In this regard, Android has lagged, and this is largely due to the fractured developer ecosystem. Apple retains complete control over how the Watch interacts with the iPhone, and its developer programs and App Store ensure that features are added in a safe cadence – and nothing risks damaging the user experience. In the Android ecosystem, there is no such collective front, and each brand is essentially left to its own devices – reskinning Android, perhaps contemplating a smartwatch, working out how aggressively non-Google their apps could be.
All of this would have greatly frustrated Google which has had some limited success in creating a ‘pure’ Android user experience and showcasing it on the Pixel handsets.
The user interface, across the industry, is more uniform than it used to be, and closer to the open source elements that form the basis of Android even for those which have not signed up to the Open Handset Alliance, which compels them to include the Google Play suite (though most have stuck with OHA/Google, Huawei has been forced to seek alternatives).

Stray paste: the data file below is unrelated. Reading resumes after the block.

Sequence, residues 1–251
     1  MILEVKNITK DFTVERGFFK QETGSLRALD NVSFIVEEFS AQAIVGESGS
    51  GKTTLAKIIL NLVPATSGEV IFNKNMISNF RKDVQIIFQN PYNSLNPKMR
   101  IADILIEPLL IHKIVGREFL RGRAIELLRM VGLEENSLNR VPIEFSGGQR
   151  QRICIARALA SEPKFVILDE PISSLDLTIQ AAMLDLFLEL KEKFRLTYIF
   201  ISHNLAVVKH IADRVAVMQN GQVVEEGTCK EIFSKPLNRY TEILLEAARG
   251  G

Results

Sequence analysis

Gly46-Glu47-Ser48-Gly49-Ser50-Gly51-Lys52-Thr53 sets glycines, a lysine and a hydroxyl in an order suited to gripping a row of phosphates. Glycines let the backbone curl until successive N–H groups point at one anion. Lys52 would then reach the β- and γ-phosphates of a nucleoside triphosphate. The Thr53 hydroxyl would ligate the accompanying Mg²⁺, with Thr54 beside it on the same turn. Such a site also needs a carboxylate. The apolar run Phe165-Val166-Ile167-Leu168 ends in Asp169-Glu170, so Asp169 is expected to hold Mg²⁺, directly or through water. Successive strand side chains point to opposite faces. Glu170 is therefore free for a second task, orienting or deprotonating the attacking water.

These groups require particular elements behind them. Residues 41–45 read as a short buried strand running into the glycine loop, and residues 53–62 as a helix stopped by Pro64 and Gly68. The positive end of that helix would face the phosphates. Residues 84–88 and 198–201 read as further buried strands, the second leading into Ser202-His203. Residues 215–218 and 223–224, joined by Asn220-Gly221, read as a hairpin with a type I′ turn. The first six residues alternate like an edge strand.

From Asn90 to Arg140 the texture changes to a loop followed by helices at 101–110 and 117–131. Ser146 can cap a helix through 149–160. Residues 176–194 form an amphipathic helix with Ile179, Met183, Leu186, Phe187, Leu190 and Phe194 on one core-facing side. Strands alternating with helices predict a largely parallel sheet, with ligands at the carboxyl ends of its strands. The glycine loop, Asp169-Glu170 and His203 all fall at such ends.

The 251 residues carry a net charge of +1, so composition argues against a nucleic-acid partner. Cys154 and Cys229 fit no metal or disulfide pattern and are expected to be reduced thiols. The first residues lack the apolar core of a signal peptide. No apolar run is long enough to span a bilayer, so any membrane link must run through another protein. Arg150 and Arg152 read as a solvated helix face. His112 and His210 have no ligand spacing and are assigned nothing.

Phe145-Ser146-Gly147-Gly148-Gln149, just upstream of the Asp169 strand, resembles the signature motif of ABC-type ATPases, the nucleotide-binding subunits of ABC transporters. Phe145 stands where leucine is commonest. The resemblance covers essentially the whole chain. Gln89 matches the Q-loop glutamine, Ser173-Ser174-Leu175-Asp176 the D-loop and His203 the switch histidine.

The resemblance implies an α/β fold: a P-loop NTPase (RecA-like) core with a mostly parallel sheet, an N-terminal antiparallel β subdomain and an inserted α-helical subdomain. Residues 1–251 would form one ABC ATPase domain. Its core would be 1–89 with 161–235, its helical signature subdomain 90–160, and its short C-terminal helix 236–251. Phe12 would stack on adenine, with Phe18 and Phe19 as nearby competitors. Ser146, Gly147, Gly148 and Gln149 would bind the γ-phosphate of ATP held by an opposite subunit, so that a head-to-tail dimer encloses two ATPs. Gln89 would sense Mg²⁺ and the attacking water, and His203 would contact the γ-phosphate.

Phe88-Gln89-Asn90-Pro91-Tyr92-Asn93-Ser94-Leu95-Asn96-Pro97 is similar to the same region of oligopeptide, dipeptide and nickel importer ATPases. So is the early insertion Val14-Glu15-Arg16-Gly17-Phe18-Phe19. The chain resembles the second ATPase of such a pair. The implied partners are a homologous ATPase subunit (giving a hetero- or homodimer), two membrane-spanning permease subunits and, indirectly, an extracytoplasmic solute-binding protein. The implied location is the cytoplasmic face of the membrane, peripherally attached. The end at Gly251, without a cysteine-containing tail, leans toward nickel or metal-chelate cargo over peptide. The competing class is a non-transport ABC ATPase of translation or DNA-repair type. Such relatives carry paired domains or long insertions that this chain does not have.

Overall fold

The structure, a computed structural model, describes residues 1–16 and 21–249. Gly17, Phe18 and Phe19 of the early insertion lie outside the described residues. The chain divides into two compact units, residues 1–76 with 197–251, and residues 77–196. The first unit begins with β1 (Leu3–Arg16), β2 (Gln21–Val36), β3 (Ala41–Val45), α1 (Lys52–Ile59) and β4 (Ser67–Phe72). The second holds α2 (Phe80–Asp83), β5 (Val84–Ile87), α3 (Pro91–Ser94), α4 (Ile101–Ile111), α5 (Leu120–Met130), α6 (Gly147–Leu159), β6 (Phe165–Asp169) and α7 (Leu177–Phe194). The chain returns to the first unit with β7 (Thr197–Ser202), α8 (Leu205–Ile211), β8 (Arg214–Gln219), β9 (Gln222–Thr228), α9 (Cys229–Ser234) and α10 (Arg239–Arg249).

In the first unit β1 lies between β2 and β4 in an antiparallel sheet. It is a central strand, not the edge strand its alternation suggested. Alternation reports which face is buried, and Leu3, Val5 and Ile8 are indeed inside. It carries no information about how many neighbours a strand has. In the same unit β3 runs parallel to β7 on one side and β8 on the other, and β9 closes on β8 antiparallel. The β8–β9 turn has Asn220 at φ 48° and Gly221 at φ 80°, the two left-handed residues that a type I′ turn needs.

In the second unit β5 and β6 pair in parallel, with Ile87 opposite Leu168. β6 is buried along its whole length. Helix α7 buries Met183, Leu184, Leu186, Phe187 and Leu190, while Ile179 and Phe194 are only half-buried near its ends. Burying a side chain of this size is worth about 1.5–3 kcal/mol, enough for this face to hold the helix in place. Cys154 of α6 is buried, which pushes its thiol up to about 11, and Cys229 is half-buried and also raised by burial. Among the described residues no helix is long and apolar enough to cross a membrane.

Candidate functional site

On the surface, it seems Google is trying to do something similar with Fitbit – buying the leader in the non-Apple smartwatch segment, and trying to bring the rest of the industry round to how a wearable would augment the Android experience. But, Fitbit does not use Android Wear OS.
This means that Google can either focus on how Android should interface with non-Android wearables, and standardize around that process; or try to overhaul the Fitbit portfolio completely to create new Android-powered devices that then natively integrate with Android-powered smartphones.
The former seems less difficult, and less intrusive to Fitbit. At $2.1bn purchase price, it would likely be more affordable to in develop a Pixel Watch inhouse, if the latter were actually the plan, especially as Google has such sway over the Wear OS design and experience. This might also be a sign that Wear OS is now properly on the back burner, although Google would never admit to this. If the focus proves to be on how to interface with non-Android wearables, that would be a clear sign that Google thinks Wear OS is beyond saving.